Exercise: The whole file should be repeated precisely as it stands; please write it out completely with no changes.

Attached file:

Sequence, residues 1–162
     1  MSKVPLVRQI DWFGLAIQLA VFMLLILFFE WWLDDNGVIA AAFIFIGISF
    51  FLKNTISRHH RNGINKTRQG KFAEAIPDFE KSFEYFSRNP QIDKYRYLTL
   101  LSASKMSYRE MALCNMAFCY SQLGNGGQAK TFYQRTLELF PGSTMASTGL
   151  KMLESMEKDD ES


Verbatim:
Sequence, residues 1–162
     1  MSKVPLVRQI DWFGLAIQLA VFMLLILFFE WWLDDNGVIA AAFIFIGISF
    51  FLKNTISRHH RNGINKTRQG KFAEAIPDFE KSFEYFSRNP QIDKYRYLTL
   101  LSASKMSYRE MALCNMAFCY SQLGNGGQAK TFYQRTLELF PGSTMASTGL
   151  KMLESMEKDD ES